Friday, April 11, 2008

Seattle cyclist claims helmet saved his head from certain death

Mark Seawall was hit from behind by a drunk driver while riding his bicycle. He was knocked unconscious and didn't know what happened. "I knew something bad had happened. I knew I had been in a bicycle accident apparently," he said about the moment he came to in the ambulance. But now the news media claims the truck ran over Mark's head and he was saved by his helmet!

If you're naive enough to believe this ludicrous claim, consider these photos. This is your brain:

This is your helmet-protected brain under the wheel of a car.

Any questions?

See more photos and commentary about these types of claims that helmets can protect against rollovers by cars and trucks, see the Bicycle Helmet Safety Institute page. There are more photos here along with a description of the testing.


  1. Christopher Ray MillerApril 11, 2008 at 2:36 PM

    I remember something in the news like this about a month ago. I thought that if the helmet had managed to save the guy's head, he was just lucky the car didn't run over his neck (after all, we need an intact throat to breathe -- and presumably an intact spinal cord to function below the neck -- or his chest, where the lungs and heart are located. Isn't the possibility of having these parts of the body run over as compelling an argument for compulsory neck and body armour for cyclists (and for pedestrians to boot, since whether you are walking, skateboarding, skating or biking when hit by a motor vehicle makes no difference to what happens to you at the time of impact with the vehicle/ground/other hard surface)...? No helmet activist ever seems to think of these equally obvious possibilities, even if we accept the selective misinformation put out to the public about helmets...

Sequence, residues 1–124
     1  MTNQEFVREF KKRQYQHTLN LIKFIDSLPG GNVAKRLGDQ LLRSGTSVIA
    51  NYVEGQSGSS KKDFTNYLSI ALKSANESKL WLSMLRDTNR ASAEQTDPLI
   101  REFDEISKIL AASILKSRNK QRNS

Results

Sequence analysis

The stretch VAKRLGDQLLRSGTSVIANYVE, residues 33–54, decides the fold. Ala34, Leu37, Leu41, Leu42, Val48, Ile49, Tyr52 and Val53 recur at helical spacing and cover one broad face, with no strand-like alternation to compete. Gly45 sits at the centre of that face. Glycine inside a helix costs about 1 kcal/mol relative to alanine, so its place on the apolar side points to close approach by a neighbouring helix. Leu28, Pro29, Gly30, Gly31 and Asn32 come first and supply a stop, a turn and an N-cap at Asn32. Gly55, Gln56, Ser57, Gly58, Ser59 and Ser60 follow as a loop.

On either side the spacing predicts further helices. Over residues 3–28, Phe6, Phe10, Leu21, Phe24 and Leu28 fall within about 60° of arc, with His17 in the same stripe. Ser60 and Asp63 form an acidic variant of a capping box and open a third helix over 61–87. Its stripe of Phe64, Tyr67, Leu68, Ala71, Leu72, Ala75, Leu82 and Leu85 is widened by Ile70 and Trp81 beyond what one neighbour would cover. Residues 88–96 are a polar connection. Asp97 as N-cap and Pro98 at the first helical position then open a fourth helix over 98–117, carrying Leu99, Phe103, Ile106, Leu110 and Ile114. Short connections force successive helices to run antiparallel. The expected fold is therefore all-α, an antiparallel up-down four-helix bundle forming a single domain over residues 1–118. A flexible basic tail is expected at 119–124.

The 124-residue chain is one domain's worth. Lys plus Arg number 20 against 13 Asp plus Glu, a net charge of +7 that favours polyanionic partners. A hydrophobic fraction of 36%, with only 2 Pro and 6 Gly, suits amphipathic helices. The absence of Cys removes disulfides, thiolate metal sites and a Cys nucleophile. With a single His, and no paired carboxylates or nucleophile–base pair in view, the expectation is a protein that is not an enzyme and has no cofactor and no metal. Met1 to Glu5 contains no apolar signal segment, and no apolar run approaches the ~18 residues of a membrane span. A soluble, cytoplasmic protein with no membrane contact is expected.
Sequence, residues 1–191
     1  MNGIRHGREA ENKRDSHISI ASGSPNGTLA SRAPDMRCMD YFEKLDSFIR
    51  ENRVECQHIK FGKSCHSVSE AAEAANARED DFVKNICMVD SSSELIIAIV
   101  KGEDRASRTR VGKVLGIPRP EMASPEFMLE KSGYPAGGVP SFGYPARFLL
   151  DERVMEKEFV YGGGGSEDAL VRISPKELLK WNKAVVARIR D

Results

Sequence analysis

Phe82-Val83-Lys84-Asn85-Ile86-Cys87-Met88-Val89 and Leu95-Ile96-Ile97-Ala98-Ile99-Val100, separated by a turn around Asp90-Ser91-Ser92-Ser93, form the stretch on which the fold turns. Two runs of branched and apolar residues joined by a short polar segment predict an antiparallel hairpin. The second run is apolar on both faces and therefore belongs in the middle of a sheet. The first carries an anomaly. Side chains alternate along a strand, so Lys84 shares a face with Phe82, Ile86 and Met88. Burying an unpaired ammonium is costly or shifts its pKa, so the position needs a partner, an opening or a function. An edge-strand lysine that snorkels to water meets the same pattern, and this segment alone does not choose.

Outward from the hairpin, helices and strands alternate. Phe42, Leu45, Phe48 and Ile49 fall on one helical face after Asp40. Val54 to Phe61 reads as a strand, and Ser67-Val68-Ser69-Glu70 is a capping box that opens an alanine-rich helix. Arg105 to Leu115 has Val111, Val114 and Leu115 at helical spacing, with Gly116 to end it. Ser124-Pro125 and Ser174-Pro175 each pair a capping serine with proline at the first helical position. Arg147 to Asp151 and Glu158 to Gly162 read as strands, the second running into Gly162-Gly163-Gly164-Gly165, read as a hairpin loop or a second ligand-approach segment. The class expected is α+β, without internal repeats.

2. Now there's a physics experiment.

    Run over that thing at all different approach points to see when it would flat run over (in which case he'd still be squished), when the wheel would have *missed* him entirely if the helmet hadn't been there, but it hit the helmet and squirt him out of the way... which then might have protected him from the rear wheel (but I'd imagine the driver at least reflexively swerved a bit)... hmmm...

  3. "You went over my helmet?!"
    "Well, n-not over, really, m-m-more to the side... no! No! Aaaaaaaaaa!"

  4. While the notion that your head would survive with a car on top of it, a shoe was sufficient to protect my foot when it got run over by a station wagon and a glove was sufficient to prevent injury when my hand got run over by an ice skate. With the car it felt like there was major damping from the suspension. With a helmet, the more accurate test would be to see how well it deflects your head away from the wheel, plus how much of that initial impact it absorbs.

  5. Hey, the watermelon did not get destroyed. It was saved!

  6. I don't know why it's difficult to believe this at all. Shoot - look at the picture - the melon is still more or less intact. And I've heard of much-crazier things that turn out to be true.